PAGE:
Germany's largest Turkish Islamic group admitted in an article published Thursday in the "Rheinische Post" newspaper that some of its preachers spied for the Turkish government.
In December, DITIB, a Turkish umbrella group engaged in religious, social and cultural activities, issued a statement denying what it called "false media claims" that the Turkish government's Directorate of Religion, or Diyanet, ordered it to inform on suspected members of the Gulen movement.
Ankara blames US-based preacher Fethullah Gulen and followers of his "Hizmet" movement for last year's failed July coup and has labeled the group a terrorist organization.
However, in an apparent reversal, DITIB Secretary General Bekir Alboga told the German paper that "a few" imams had provided information to Ankara on suspected Gulen followers.
Alboga said while DITIB had not directly received instructions from Diyanet "some imams wrongly" informed on suspected Gulen followers in Germany.
"We deeply regret this mishap and have spoken to Diyanet about this," Alboga said.
A Hizmet spokesperson in Germany said he found it upsetting that imams who should have been setting an example to members of their mosques were giving information to the Turkish government.
"Thousands of people from the Hizmet movement avoid mosques they contributed to for 30 yeas because of how Erdogen's instrumentalisation of DITIB," the spokesperson said. "Imams should actually have de-escalating effect. Instead they are adding fuel to the fire."
Calls for DITIB independence
Responding to Thursday's development, the German commissioner for integration, Aydan Özoguz, called on DITIB to make itself independent of the Turkish government. She told the German dpa news agency that the organization was putting its reputation at risk.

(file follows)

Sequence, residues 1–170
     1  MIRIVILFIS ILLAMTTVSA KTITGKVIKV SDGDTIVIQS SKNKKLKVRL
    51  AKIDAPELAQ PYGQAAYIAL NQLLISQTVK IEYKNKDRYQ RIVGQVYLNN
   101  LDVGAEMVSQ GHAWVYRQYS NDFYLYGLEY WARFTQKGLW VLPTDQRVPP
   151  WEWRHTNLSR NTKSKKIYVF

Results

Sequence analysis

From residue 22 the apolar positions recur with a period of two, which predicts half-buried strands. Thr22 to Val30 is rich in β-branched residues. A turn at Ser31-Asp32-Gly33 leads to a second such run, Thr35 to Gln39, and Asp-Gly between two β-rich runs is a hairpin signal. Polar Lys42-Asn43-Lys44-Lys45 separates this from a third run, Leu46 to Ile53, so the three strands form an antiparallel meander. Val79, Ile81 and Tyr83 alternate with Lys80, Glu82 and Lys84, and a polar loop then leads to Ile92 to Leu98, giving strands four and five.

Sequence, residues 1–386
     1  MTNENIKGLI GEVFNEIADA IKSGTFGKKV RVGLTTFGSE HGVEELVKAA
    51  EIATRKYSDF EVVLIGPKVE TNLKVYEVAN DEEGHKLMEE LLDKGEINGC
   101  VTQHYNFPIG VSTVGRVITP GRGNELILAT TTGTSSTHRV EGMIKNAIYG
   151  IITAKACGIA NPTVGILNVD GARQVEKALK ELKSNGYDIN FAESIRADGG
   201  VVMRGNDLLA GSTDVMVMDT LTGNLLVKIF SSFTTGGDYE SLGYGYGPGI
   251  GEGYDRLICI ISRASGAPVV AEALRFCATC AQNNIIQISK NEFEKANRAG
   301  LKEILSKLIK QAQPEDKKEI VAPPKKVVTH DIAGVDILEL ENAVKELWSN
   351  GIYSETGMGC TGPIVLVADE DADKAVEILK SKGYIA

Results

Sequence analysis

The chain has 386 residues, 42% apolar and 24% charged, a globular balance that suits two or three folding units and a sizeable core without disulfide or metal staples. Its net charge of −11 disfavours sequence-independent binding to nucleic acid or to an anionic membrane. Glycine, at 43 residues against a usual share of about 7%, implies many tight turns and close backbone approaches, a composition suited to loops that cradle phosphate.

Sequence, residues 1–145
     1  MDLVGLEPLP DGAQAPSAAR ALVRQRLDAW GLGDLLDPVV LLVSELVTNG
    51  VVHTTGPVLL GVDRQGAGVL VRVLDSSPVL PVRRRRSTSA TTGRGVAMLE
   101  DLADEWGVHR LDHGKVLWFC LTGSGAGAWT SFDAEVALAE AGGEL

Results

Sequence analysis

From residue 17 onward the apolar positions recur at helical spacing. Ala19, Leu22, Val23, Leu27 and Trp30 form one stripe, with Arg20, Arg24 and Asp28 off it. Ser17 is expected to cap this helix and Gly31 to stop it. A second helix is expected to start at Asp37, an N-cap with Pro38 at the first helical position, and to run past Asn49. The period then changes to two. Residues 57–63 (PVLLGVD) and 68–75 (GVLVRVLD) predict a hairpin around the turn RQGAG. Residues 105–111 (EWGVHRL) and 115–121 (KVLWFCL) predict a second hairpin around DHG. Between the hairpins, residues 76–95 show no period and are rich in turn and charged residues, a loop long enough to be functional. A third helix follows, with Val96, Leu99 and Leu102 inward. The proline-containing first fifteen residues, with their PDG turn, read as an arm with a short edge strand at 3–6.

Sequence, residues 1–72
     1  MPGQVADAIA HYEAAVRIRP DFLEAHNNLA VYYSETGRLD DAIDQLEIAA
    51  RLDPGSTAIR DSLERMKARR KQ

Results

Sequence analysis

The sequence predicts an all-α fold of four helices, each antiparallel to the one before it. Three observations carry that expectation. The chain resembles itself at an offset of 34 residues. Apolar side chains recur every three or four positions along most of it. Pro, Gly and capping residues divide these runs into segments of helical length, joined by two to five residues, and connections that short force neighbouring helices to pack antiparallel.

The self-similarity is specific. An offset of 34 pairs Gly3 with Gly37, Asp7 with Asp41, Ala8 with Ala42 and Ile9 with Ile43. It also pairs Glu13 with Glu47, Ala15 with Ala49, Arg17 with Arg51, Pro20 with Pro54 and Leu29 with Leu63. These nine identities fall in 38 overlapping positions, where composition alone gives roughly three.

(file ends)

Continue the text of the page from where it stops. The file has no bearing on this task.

Calling them the "outstretched arm" of the Turkish government, opposition Left party migration expert Sevim Dagdelen said the preachers who spied for Turkey should be kicked out of Germany.
Volker Beck, a lawmaker for the opposition Greens, said in a statement that DITIB imams should be held to account for spying.
"DITIB's attempt to explain everything as a 'mishap' is hardly believable when taking into account the dependence of DITIB on the Diyanet in Ankara and the role of the Turkish embassy and consulate in directing the association and its structures," said Beck, a sharp critic of Turkey.
He added that DITIB should provide German authorities the names of the imams who collected information or acted on the orders of the Turkish government. In December, Beck filed a complaint with the federal prosecutor's office on possible espionage at DITIB.
The Turkish opposition newspaper "Cumhuriyet" and Germany's "Die Welt" were the first to report last year on the alleged instructions sent from Turkey to its foreign missions to inform on Gulen followers.
The claims caused an uproar in Germany, where sensitivities to domestic spying run deep due its Nazi past and the Stasi secret police in the former East Germany.
Could unrest spread to Germany?
Germany has about 3 million people of Turkish origin, nearly half of them with German citizenship. There is increasing concern that the political polarization and instability in Turkey could spill over into Germany.
Turkish President Recep Tayyip Erdogan has used the coup attempt to purge or arrest tens of thousands of alleged Gulen followers for positions in the police, military, academia and press, raising concerns over human rights and the state of democracy in the country.
Diyanet falls directly under the Turkish presidency and is responsible for religious affairs throughout Turkey, including building mosques, writing Friday sermons and employing imams. It also manages the religious affairs of Turkish citizens outside of Turkey.
DITIB claims to be independent of the Turkish government, but its imams are trained in Ankara and classified as civil servants of the Turkish state.
Published on Deutsche Welle, 12 January 2017, Thursday